Identifying Rattlesnake sounds: What sound do snakes make?

rattlesnake sound
Before a snake strikes, it will often give a warning sign. Snakes often hiss, shriek, growl, and squeak through a tube in their mouth. Species of rattlesnakes possess a distinctive rattle that also produces sound. Some species also flatulate through their cloaca, creating a sound similar to a pop.

Snakes can be menacing creatures. Of the over three thousand species of snakes that roam the world, about 7% of them can fatally wound or kill a human.

Unlike dangerous predators like coyotes and bears, snakes rarely make their presence known. Instead, many slither stealthily in the shadows, often striking when their victim least expects it.

This makes identifying snake sounds all the more critical. If you know what sound a snake makes, you can be on the lookout for their approach and take steps to avoid them.

Tightly coiled rattlesnake

What is the sound of a snake?

As mentioned earlier, snakes produce various sounds depending on the species.

Here are the six most common sounds that snakes make:


Hissing is the most common sound that snakes make. Hisses are produced by forcing air through the snake’s narrowed glottis, located in the throat. Hissing is used as a form of intimidation and warning to potential predators or victims.


Shrieking is a loud, high-frequency noise that some snakes make. It is produced similarly to hissing, but the glottis is opened wider, allowing more air to escape. Shrieking is generally only used in self-defense.


Growling is a deep, guttural noise made by some cobras species. It’s not as loud as a lion or wolf’s, but it is still intimidating. Growling is produced by forcing air through the snake’s vocal cords and is meant to warn off predators.


Squeaking is a high-pitched noise that some snakes make like pythons. It is produced by forcing air through the snake’s closed mouth. This type of vocalization is a sign of a respiratory infection.


All species of rattlesnakes produce rattling sounds that sound like maracas. A rattlesnake rattle can be up to six inches long and is made up of segments of keratin. The rattlesnake sound of a rattler is produced by shaking the rattle, which vibrates to create a distinct sound.


Snakes can flatulate or fart through their cloaca, an opening located at the base of the tail. This noise is usually emitted when a snake feels threatened and resembles popping sounds.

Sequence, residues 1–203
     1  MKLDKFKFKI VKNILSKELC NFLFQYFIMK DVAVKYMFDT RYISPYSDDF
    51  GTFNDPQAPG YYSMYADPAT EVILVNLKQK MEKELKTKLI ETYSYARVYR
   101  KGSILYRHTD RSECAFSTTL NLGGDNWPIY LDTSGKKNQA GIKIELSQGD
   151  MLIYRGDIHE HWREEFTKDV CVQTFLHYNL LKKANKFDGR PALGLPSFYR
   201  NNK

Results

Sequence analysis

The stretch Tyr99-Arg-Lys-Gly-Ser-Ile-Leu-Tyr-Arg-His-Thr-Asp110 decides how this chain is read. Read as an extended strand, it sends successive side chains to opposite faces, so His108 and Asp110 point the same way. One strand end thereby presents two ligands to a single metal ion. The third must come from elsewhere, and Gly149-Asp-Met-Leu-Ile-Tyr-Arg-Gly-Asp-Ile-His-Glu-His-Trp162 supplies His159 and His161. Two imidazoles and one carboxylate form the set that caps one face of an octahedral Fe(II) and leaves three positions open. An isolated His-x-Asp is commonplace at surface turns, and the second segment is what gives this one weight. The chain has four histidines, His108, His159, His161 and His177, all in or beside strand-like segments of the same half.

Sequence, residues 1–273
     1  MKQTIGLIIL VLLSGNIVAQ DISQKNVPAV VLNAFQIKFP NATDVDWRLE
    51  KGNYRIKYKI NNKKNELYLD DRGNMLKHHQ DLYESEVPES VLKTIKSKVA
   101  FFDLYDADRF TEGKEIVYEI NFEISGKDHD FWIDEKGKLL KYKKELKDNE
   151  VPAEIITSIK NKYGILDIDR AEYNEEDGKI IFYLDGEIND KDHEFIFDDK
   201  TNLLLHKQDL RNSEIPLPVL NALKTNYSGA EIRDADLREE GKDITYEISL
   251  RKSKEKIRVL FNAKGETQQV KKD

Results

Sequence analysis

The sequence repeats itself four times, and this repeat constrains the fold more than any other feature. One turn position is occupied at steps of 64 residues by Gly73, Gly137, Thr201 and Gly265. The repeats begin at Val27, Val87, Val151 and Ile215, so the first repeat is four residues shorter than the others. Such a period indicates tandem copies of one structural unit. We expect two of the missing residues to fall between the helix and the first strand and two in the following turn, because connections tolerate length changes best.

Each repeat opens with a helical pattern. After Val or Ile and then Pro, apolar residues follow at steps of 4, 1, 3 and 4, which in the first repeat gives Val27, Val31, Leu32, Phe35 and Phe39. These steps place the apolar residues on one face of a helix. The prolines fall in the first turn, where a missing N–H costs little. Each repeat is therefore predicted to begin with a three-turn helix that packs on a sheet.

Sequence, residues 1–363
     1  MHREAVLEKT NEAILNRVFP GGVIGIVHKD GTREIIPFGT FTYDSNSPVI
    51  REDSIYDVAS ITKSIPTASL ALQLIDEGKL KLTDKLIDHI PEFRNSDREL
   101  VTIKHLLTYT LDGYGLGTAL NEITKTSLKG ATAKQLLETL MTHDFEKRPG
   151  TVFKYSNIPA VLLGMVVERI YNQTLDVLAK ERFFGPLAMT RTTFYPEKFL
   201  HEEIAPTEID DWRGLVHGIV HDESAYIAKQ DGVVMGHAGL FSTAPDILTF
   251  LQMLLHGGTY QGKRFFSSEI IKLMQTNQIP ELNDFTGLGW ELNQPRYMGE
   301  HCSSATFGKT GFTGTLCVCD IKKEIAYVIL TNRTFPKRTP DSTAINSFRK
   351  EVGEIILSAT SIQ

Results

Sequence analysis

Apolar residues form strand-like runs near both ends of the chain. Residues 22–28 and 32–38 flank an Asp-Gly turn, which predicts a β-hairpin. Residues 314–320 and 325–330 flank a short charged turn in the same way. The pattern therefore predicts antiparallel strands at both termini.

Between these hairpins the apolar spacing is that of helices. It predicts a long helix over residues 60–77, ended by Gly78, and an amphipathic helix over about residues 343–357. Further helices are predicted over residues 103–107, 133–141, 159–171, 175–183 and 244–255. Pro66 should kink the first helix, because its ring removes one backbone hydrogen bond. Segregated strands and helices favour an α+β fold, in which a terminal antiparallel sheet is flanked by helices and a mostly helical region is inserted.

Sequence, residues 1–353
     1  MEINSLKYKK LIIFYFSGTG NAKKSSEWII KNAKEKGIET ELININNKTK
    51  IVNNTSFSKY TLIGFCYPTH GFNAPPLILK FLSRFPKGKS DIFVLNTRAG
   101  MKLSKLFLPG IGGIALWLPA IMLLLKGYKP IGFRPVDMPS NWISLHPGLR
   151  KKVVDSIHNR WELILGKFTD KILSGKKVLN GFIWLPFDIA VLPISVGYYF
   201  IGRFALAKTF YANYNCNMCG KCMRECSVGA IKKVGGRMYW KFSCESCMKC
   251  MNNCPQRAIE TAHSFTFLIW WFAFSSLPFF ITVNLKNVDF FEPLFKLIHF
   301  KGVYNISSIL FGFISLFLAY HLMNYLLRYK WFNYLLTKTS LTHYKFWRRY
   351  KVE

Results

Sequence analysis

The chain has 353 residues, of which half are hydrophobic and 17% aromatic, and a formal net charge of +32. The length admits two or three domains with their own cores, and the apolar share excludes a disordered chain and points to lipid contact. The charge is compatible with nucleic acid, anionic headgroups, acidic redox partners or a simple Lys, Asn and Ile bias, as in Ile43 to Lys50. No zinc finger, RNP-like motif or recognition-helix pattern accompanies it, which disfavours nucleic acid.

Python coiled in the grass

Do snakes bark?

Snakes don’t bark in the same way dogs do. However, one possible exception is the gopher snake, which produces sounds that almost resemble a low-pitched bark.

Do snakes whistle?

No, snakes don’t intentionally whistle. Snakes may make a sound that resembles whistling if they have a respiratory infection causing wheezing or breathing difficulties.

If you have a pet snake that is wheezing, it’s best to take it to the vet for an examination, as it could be an emergency.

Can you hear snakes breathe?

Yes, you can sometimes hear snakes breathe, especially before, during, or immediately after it has finished shedding. However, if the breathing is heavy and labored, it could be a sign of a respiratory infection.

albino python with yellow and white markings coiled on dry grass

What to do if you identify snake sounds in or around your house?

First, you must stay calm and avoid panicking when you hear a snake sound. Snakes are definitely more scared of you than you are of them, and they will likely try to avoid you if they can.

Once you see the snake out in the open, try to identify it from a distance. You want to know whether you’re dealing with a venomous or non-venomous snake. If you’re not sure, venomous snakes typically have beefier bodies with wider, triangular-shaped heads.

If you hear a hissing sound or rattlesnake’s tail inside your house, it’s best to try to confine it to one single room and then call a professional snake catcher or your local animal control.

If you hear a snake outside, try scaring it away by making loud noises. You can also try spraying it with water from a hose. DIY repellents such as cinnamon, ammonia, and white vinegar can also deter snakes from entering your property.

Lastly, setting up a snake-proof fence to prevent them from re-entering their habitats around your property can be helpful.

python's head in medium height green grass

Joshua Munoz

Most people’s first instinct when they see a wild skunk is to back away, but not Joshua. He holds a near-obsessive fascination with skunks and their behavior. Although Joshua has never been closer than five feet to a skunk, he has spent countless hours researching them. He knows almost everything there is to know about skunks, from their diet and habitat, to how to humanely trap them. Joshua’s interest in skunks is rooted in his love of animal biology. He fondly remembers topping his finals in biology class while in university. Now, as a writer, he fuses passion and expertise into one by sharing his knowledge about the animal kingdom with others.

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